Tuesday, 24 September 2019

Rathrnonan Church near
Ardagh has links with
the Smith O’Brien family

There has been a church in the Ardagh area from the 13th century, but Rathronan Church was built in the 1820s (Photograph: Patrick Comerford, 2019)

Patrick Comerford

I was speaking at the commemorations on Sunday afternoon [23 September 2019] organised by Saint Kieran’s Heritage Association to remember William Smith O’Brien, and this was my first visit to Rathronan Church. This was once a Church of Ireland parish church but has been closed for decades.

The now derelict church near Ardagh is a short distance off the main road between Newcastlewest and Shanagolden in west Limerick, up a single track.

This Board of First Fruits parish church was built ca 1820-1825. It has a gabled three-bay double-height nave, with a four-stage square-profile tower.

Inside Rathronan Church, near Aradgh, looking towards the liturgical east end (Photograph: Patrick Comerford, 2019)

Although this former parish church shows some signs of disrepair – the pews have been removed and the baptismal font is in a broken state of disrepair – it is cared for with affection by the local community and it retains several integral elements of architectural significance as well as much of its original form.

The textural difference created between the roughcast render and the cut limestone sills, stringcourses, hood-mouldings and crenellations is notable.

Although the Ardagh Chalice and other ecclesiastical artefacts were found near here in the 1860s, documented church history in the Ardagh area dates from 1298, when it was recorded that the church at Ardagh was held as part of the Manor of Ardagh by the Bishop of Limerick.

William Cullum was granted a patent for an annual fair at Ardagh in 1611. But 30 years later, the old parish church was destroyed in 1641 during the wars and it was not rebuilt.

Inside Rathronan Church, near Aradgh, looking to the west end (Photograph: Patrick Comerford, 2019)

Ardagh A Roman Catholic Church was built in Ardagh in 1808-1816, when Father James Corbett was parish priest. Two Church of Ireland parish churches were built in the Ardagh area at the same time: Rathronan Church was built ca 1820-1825, and Kilscannell Church was built in 1822.

Some archaeological and historical sites confuse Rathronoan Church near Ardagh with a church in Rathronan, Co Tipperary, built in 1825 at the expense of Lady Meadows, widow of General Sir William Meadows.

Rathronan Church near Ardagh is a gabled, single-storey church with a tower at the liturgical west end and a single-bay porch at the north side of the nave.

The tower and Rathronan Church, near Aradgh, Co Limerick (Photograph: Patrick Comerford, 2019)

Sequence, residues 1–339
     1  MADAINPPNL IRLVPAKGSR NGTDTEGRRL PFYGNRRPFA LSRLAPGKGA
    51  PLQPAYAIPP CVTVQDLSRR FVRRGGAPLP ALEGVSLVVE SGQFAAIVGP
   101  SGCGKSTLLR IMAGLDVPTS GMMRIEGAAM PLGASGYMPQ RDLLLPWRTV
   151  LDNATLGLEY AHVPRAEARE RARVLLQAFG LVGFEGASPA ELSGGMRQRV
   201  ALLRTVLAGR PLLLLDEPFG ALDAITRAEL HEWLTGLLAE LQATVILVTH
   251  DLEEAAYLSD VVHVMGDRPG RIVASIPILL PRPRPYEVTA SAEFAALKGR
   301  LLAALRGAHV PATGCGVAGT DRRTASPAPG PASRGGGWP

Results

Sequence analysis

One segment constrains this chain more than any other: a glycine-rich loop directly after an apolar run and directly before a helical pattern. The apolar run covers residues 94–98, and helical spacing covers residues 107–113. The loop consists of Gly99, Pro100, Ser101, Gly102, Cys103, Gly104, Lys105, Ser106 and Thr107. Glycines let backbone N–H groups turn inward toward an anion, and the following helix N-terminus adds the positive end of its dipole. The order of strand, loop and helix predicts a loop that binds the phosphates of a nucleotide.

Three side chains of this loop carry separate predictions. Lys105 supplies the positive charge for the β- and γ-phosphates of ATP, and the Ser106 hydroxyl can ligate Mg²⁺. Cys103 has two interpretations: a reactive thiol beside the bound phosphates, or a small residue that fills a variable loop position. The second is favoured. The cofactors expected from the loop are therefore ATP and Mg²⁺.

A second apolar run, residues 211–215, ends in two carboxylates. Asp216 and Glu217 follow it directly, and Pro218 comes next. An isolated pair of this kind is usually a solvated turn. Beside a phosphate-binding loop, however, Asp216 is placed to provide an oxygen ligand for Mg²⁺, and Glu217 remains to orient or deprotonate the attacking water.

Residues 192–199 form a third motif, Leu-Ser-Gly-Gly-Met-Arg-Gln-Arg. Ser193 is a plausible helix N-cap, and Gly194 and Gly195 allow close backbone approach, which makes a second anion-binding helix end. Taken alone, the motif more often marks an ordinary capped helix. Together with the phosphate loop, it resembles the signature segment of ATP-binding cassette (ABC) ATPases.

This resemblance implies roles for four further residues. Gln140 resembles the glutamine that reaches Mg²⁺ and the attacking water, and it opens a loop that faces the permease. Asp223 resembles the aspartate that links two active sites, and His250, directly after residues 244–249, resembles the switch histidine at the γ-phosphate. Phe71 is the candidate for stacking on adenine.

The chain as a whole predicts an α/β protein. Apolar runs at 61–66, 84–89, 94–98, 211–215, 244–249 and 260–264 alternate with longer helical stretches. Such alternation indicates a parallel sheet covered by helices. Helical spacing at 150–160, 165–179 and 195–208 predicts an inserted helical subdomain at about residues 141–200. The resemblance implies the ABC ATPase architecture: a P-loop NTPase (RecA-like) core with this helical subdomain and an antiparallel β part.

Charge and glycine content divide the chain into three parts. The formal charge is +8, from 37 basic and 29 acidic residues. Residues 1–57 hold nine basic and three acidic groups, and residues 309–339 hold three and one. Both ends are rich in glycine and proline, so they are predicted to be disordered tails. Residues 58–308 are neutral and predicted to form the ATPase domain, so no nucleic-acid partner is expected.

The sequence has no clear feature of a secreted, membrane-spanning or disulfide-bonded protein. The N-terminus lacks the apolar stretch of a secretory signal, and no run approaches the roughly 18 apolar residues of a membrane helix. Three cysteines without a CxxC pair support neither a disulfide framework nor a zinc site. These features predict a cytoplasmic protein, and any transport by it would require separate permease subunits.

The church has roughcast rendered walls, with the rubble stone exposed in places, a slate-hanging at the east gable and cut limestone stringcourses on the tower. The tower has cut limestone crenellations.

There is a circular recessed panel with a cut limestone surround at the second stage of each side of tower.

A window inside Rathronan Church, near Aradgh (Photograph: Patrick Comerford, 2019)

There is a square-headed opening at the west side of the tower with a tooled limestone sill and hood-moulding. The pointed arch openings to south and east side of the third and fourth stages of the tower have cut limestone sills, roughly dressed limestone voussoirs, render surrounds and slate louvered vents.

The four-centred arch opening at the south side of the tower has a tooled limestone surround and cut limestone hood-moulding overhead.

The church also has a pitched slate roof with cast-iron rainwater goods.

The pulpit and the altar rails survive inside Rathronan Church (Photograph: Patrick Comerford, 2019)

Inside the church, new seating was installed designed by Welland and Gillespie in 1861.

The altar and pews were removed after the church was deconsecrated and closed, and the baptismal font is shattered.

However, the original altar rails, prayer desk and pulpit survive and many of the windows are still in a good state of repair, although the baptismal font and its plinth are broken and lie in many pieces at the west end of the church.

The baptismal font and its plinth are broken and lie in many pieces at the west end of Rathronan Church (Photograph: Patrick Comerford, 2019)

William Smith O’Brien’s funeral took place in Rathronan Church, which was the family’s parish church. The funeral procession was so long that it was said the hearse had reached the church while the end of the procession was still leaving Cahermoyle, 3 km away.

A year later, the Smith O’Brien family of Cahermoyle House commissioned the mausoleum in the Hiberno-Romanesque style erected in Rathronan churchyard in 1865.

Rathronan Church is part of an important complex with the adjacent rectory and the two large mausoleums of the Smith O’Brien and Massy families in the graveyard.

At the William Smith O’Brien commemorations in Rathronan Church (from left): Mary Kury of Saint Kieran’s Heritage Association; Councillor Adam Teskey; Canon Patrick Comerford; Iseult Murphy, a descendant of William Smith O’Brien; and parishioner Richard Langford, a descendant of the Massy family

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